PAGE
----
Lysichiton americanus – skunk cabbage
- western skunk cabbage,
- swamp lantern
- Wet (W)
- Very Wet (VW)
- Rich (R)
Hitchcock, C. Leo, and Arthur Cronquist. Flora of the Pacific Northwest: An Illustrated Manual © 1973. Reprinted with permission of the University of Washington Press.
- Large and robust perennial
- Occurs in swamps, fens, wet forest, and seepages
- Low to middle elevations
- Form: 30-150 cm tall, fleshy and upright stem
- Leaves: huge (up to 1.5 m long by 0.5 m wide), lance-shaped, net-veined, in a basal rosette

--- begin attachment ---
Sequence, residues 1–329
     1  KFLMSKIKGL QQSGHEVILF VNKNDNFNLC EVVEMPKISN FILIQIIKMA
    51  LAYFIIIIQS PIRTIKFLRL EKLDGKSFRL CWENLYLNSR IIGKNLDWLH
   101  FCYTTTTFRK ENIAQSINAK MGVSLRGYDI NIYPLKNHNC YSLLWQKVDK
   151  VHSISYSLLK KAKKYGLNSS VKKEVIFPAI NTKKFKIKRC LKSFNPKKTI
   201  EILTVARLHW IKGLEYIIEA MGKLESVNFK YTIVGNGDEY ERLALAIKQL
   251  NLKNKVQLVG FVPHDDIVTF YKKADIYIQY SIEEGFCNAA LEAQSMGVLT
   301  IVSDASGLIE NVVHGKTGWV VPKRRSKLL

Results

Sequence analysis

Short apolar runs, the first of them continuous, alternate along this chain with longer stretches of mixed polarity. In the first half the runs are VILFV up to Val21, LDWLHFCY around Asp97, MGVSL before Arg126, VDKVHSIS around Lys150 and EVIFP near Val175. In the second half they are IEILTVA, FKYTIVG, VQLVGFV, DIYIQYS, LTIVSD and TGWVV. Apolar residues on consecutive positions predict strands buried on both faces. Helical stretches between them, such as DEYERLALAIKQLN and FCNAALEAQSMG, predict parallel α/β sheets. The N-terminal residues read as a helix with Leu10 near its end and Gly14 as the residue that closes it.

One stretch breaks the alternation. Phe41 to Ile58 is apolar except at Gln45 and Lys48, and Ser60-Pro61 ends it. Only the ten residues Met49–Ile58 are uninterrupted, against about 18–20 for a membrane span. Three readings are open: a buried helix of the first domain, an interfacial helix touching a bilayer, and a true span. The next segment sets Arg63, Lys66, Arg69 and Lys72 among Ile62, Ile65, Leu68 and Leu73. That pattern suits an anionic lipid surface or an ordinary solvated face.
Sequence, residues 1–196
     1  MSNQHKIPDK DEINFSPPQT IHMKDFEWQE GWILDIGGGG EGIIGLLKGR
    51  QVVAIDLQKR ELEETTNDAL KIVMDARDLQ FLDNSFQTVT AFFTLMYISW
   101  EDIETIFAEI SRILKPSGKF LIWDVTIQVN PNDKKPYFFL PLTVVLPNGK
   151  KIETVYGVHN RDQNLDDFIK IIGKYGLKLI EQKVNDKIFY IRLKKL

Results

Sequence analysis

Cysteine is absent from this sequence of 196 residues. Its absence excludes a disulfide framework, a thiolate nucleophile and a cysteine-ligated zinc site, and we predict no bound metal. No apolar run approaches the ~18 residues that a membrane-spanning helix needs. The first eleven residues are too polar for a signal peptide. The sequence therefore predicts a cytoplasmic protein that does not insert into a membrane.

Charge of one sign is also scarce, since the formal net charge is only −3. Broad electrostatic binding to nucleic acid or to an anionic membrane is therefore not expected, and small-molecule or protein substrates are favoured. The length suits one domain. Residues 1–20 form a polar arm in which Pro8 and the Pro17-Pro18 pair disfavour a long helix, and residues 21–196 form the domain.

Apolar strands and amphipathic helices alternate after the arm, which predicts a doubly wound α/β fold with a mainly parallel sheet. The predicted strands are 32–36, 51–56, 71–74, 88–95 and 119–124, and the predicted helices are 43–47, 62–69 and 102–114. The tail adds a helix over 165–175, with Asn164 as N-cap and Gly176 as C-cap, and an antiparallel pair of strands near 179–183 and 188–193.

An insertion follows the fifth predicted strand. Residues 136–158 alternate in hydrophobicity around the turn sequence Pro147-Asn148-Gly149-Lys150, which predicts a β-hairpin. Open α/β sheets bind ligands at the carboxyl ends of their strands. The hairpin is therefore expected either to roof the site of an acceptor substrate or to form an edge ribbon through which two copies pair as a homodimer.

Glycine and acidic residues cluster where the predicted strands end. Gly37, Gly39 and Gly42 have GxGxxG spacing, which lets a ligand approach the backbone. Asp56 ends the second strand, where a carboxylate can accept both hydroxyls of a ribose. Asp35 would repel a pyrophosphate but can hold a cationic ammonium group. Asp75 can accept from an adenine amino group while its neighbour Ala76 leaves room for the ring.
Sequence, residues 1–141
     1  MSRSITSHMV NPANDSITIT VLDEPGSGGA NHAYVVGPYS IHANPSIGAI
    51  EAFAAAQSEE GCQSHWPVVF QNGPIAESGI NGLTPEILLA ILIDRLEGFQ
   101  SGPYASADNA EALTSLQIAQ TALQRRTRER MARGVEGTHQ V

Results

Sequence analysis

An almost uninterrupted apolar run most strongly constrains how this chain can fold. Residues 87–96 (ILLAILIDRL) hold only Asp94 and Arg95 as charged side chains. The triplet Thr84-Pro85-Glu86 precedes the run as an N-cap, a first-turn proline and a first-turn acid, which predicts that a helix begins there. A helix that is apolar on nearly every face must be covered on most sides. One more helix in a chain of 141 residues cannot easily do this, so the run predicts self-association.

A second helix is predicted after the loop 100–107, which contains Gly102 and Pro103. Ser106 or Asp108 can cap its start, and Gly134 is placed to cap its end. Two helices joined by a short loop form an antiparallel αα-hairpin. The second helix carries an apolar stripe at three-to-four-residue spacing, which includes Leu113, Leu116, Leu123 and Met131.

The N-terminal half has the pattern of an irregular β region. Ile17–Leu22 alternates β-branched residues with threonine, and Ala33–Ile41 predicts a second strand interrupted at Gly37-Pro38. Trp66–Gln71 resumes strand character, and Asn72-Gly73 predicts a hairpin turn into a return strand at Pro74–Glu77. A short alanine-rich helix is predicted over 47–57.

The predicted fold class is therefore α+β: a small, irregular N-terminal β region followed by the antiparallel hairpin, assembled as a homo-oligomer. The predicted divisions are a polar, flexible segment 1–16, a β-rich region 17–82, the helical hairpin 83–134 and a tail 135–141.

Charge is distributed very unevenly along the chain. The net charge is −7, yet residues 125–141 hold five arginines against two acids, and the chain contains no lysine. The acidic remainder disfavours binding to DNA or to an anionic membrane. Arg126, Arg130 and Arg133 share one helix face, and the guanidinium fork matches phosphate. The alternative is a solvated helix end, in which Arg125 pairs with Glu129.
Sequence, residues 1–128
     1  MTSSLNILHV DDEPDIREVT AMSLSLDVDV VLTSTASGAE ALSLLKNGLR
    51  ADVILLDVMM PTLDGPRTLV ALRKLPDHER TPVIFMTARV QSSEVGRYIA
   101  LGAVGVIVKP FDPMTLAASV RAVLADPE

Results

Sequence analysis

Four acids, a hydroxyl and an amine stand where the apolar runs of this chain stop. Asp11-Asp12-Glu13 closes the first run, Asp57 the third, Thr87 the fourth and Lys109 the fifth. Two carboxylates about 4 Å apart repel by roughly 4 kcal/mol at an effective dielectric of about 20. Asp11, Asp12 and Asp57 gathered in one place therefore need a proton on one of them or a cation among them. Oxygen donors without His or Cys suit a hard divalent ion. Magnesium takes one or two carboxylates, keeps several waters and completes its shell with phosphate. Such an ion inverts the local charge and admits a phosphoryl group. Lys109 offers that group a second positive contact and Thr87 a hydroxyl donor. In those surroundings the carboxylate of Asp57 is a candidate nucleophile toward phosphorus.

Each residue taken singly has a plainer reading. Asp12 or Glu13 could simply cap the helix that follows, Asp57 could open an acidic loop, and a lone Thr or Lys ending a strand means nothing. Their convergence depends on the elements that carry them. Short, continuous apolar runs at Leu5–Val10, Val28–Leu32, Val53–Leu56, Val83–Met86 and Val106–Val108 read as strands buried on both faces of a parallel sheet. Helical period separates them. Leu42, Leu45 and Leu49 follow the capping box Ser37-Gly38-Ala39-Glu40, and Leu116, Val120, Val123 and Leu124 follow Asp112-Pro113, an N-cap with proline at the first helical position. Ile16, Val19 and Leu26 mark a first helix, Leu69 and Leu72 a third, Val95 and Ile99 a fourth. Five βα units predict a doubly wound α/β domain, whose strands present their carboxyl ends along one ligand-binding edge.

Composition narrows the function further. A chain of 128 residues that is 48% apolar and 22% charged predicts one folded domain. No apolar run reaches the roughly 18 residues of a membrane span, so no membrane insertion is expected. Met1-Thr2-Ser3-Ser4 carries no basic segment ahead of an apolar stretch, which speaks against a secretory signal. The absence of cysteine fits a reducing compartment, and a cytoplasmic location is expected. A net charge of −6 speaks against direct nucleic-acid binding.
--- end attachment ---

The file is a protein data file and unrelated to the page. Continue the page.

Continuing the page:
- Flowers: greenish-yellow, many borne on spike hooded by large, bright-yellow bract, appearing before or with the leaves in very early spring
- Fruit: green to reddish in colour with berry-like form and embedded in spike
- Other: Emits skunky odour, especially when in flower
- Important famine food for coastal peoples and post-hibernation food for bears
Douglas, G.W. et al (Editors). 1998-2002. Illustrated Flora of British Columbia, Volumes 1 to 8. B.C. Min. Environ., Lands and Parks, and B.C. Min. For., Victoria, B.C.
Pojar, J. and A. MacKinnon. 2014. Plants of Coastal British Columbia Including Washington, Oregon & Alaska. B.C. Ministry of Forestry and Lone Pine Publishing. Vancouver, B.C.